The road from the farm to La Fortuna is sketchy with sharp, blind corners and heavy trucks going full speed around corners taking up both lanes.  Other than that it’s pretty nice.  From La Fortuna to Nuevo Arenal, the sight of the bakery, is fantastic and easy riding.

We arrived to the bakery just after noon and ordered a large sandwich to share.  It was simply fantastic.  While we sat there the owner came by, Tom, approached the tables and greeted all the patrons, he stopped back to talk to us for a bit.  He mentioned a free camping sight nearby and that he used to ride bike.  Tom was certainly an interesting guy and a delight to have met that first day.  We told him we’d come back tomorrow as we had some stuff to do in La Fortuna.  We headed back intending to try some pastries the next day and camp.
Tom and I
Mustard on every table!
La Fortuna is pretty much a tourist trap, it’s nice but typically out of our budget.  We had done well the last couple of weeks so decide to put on the tourist hat for the day we were there.  We stayed at a reasonable place that was very nice and right in town.  Deya and I got a couple of stickers for the bikes and bought a couple of tickets to a resort to check out there 25 pools of hot springs and buffet dinner.  The day was good but honestly I was an old grump and Deya wasn’t having any of it.  The hot springs and food solved all that, the night spent in a comfortable bed and later several hours in a hammock totally turned things around.  We went from hot, tired and grumpy to energetic and positive.  Totally worth the price.  We checked out early but hung out until the afternoon waiting to head back to Tom’s place for some bread and pastries.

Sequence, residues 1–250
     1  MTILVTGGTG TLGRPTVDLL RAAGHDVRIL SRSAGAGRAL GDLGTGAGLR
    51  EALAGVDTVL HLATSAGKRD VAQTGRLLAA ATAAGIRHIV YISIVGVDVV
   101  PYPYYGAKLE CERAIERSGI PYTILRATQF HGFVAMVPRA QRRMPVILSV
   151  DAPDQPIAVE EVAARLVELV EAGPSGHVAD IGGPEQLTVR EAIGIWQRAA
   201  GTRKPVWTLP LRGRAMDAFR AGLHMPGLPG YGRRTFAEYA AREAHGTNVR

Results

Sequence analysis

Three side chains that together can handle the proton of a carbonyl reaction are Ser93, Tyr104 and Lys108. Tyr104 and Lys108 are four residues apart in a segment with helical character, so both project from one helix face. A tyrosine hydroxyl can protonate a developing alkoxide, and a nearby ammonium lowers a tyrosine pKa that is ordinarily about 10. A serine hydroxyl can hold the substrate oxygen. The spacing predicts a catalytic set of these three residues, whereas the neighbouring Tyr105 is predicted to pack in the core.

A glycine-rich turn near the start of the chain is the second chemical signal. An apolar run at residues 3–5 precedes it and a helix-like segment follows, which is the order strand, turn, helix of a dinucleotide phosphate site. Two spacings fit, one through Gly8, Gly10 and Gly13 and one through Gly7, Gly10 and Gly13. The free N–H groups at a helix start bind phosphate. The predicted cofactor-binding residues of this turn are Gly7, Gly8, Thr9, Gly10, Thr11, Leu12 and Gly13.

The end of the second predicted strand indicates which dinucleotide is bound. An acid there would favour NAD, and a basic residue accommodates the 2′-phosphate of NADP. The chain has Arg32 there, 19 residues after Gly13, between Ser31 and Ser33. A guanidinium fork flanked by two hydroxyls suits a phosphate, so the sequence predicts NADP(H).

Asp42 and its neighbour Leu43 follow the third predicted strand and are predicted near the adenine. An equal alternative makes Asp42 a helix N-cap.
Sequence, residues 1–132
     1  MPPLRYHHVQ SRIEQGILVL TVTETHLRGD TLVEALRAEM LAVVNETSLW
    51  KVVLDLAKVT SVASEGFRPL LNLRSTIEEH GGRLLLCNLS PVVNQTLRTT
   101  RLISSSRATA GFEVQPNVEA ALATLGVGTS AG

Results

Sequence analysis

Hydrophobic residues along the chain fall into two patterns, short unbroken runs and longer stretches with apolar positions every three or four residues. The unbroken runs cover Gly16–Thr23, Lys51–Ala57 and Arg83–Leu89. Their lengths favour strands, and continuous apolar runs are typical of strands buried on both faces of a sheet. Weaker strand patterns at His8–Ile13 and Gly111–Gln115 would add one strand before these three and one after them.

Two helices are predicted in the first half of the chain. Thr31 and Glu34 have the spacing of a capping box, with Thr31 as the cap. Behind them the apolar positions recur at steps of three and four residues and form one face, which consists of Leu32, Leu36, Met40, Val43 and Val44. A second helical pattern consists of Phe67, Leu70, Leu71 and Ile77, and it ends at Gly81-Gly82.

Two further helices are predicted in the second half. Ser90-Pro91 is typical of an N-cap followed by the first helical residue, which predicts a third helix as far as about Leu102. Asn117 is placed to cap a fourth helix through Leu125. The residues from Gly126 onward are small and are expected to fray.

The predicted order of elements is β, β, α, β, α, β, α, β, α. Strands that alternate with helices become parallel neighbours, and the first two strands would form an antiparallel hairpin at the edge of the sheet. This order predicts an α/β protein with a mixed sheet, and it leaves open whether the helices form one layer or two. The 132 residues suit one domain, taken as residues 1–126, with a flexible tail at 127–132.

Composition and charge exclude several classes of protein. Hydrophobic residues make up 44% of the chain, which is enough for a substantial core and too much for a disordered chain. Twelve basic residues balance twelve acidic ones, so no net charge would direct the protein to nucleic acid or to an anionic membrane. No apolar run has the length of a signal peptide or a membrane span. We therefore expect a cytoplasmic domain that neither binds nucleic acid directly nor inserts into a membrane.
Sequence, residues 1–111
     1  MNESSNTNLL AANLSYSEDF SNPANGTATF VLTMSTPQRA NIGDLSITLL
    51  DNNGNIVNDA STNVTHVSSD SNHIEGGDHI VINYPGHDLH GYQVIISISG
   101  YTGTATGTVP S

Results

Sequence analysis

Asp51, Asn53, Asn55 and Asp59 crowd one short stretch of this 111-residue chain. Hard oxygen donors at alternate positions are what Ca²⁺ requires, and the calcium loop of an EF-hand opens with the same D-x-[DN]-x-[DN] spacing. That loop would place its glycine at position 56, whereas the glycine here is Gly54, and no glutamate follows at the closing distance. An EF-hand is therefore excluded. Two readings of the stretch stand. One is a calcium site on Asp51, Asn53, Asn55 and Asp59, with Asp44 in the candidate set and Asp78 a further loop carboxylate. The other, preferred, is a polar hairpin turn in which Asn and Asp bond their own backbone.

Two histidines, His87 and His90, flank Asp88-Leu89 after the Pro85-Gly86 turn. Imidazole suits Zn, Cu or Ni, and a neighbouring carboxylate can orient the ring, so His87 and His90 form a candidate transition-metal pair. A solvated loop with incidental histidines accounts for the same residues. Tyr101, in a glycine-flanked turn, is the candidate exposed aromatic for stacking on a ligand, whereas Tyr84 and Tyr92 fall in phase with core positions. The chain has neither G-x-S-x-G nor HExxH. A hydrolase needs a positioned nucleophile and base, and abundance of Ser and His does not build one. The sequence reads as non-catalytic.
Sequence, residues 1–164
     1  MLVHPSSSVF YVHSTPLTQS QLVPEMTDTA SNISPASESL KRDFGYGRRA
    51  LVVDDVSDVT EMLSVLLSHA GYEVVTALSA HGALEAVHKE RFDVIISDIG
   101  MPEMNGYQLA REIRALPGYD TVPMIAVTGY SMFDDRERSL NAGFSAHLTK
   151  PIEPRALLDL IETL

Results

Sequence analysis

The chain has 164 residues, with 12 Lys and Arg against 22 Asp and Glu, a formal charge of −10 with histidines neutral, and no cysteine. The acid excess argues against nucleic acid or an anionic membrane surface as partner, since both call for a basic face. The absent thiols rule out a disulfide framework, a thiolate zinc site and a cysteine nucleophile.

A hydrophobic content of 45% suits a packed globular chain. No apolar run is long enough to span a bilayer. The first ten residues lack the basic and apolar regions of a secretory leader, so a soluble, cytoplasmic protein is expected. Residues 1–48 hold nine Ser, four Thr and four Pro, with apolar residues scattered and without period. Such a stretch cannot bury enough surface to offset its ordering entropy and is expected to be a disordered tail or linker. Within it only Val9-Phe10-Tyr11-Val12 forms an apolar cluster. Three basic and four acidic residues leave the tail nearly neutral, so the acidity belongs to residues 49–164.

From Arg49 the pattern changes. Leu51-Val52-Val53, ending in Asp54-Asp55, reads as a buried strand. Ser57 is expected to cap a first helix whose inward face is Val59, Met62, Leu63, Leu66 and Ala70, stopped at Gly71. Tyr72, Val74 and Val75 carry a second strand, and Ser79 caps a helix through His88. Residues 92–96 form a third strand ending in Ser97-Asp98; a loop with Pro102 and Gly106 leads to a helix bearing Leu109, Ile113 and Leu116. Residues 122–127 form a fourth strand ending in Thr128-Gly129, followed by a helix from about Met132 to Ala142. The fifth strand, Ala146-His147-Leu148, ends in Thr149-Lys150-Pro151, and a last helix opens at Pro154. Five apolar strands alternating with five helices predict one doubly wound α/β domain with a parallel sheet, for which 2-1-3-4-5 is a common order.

New 8 lb tent/bed set from REI..?
When we got back to the bakery we ordered some meats and cheeses, a pastry and coffee.  Costa Rican food is just not this good and this was really good food, some of the best since we left Mexico and unique since most ingredients were imported from Germany.   Tom came by again and we talked, he sat and ate with us and said that if we didn’t want to camp he had just cleared up a room in the back and we were welcome to spend the night.  It was a genuine and excellent offer only extended to fellow bikers, helped our budget and also let us hang out at this cool place another day.  As we talked another rider showed up, Rossi, from Australia.  He was heading North and looking for a place.  There was no room in the back so he went down to the lake for the free camping spots.  Good luck Rossi; don’t hesitate to stop by our place in Mexico on your way through if you take that route!